This issue, Precast Solutions magazine sat down Jamey Barbas, the project director for the Governor Mario M. Cuomo Bridge project
Q: What is your background, field of focus and role on this project?
A: As project director, I’ve been responsible for the construction of the Governor Mario M. Cuomo Bridge in the northern suburbs of New York City on behalf of the New York State Thruway Authority. The $3.98 billion design-build project to replace the Tappan Zee Bridge with a new twin-span crossing is one of the largest bridge projects in the nation. With more than 35 years of experience in bridge management, design, construction and inspection, my specialty is in complex and long span bridges. I led the inspection, design and construction support services for the reconstruction of the Williamsburg Bridge in New York City – one of the largest bridge reconstruction projects ever undertaken in the United States – and led the design of the major bridges of the AutoRoute 30 project in Montreal, Canada, one of the biggest public-private partnership bridge projects in North America.
Q: What are the goals for the project and how will it meet those goals?
A: The Governor Mario M. Cuomo Bridge will stand as a signature structure for the Hudson Valley for generations to come. The new twin-span bridge is the first cable-stay crossing on the Hudson River. The 3.1-mile bridge provides a critical link across the Hudson River to serve the 50 million vehicles that use it annually. When the second span opens to traffic later this year, motorists will experience less congestion and frustration thanks to its eight general traffic lanes (four in each direction), breakdown/emergency lanes and state-of-the-art traffic monitoring system. Aside from being built transit-ready, the bridge will also feature a shared path for pedestrians and cyclists featuring six scenic overlooks and serving as both a transportation and recreational facility. The bridge also will be illuminated at night with dark-sky compliant versions of LED light fixtures utilizing an aesthetic lighting plan to emphasize the distinct features of the new structure while respecting the scenic appearance of the Hudson Valley. Perhaps most importantly, the bridge is being built to last a century without requiring major maintenance. This investment is being assured by utilizing modern technology, such as structural health monitoring and asset management systems.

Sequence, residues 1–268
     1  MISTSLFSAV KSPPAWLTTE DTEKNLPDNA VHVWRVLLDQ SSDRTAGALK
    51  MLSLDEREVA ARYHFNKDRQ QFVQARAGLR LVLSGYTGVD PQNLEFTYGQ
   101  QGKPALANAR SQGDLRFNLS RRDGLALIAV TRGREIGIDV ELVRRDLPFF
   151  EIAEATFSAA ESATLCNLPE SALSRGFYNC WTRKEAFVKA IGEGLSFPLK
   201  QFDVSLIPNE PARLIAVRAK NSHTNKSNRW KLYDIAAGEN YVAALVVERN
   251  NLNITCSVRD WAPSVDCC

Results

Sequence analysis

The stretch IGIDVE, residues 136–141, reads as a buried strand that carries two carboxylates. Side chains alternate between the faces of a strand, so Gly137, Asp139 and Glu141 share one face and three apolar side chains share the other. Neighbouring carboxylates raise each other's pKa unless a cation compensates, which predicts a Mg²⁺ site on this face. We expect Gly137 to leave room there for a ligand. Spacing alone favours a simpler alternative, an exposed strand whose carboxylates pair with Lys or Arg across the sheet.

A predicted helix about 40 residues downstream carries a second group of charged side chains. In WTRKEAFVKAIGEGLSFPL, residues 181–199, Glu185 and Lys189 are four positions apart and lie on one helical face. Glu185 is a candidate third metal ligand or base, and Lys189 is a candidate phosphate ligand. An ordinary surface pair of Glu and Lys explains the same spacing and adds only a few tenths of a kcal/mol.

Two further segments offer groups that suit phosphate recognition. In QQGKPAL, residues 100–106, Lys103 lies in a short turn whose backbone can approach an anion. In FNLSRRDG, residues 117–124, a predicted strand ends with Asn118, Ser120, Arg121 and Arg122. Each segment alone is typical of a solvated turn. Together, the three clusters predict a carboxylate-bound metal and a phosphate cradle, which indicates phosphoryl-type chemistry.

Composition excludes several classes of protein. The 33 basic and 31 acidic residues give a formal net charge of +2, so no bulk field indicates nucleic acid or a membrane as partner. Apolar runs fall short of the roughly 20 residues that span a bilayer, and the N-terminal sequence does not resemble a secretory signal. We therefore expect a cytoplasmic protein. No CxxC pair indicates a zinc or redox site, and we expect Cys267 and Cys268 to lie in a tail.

Q: Which precast concrete products have you used on this project and how were they used?
A: The project has used a vast amount of precast concrete materials, including pile caps, pier caps, road deck panels and crossbeams between its eight iconic towers. The four crossbeams – two 70-foot-long beams for the westbound span and two 60-foot-long beams for the eastbound span – weigh nearly 3,000 tons in total. The crossbeams were cast on a floating barge in Chesapeake, Va., and barged directly to the main span for installation. Nearly 7,000 steel-reinforced concrete deck panels are being used to provide the base driving surface. Weighing as much as 74,000 pounds each, the approach span deck panels are 12 feet long, range between 22 and 45 feet wide and nearly 11 inches thick. When fully assembled, the deck panels for both the approach and main spans will comprise a surface area of more than 65 acres – approximately equal to the deck space of all 19 U.S. Navy aircraft carriers currently in service.
Q: What have been the benefits of using precast concrete products on this project?
A: Modular construction with off-site fabrication and assembly has been utilized extensively. The use of precast materials on our unique 3-mile-long project site has aided with scheduling and eased construction. Working off-site under controlled conditions allows for a generally safer working environment and higher quality workmanship.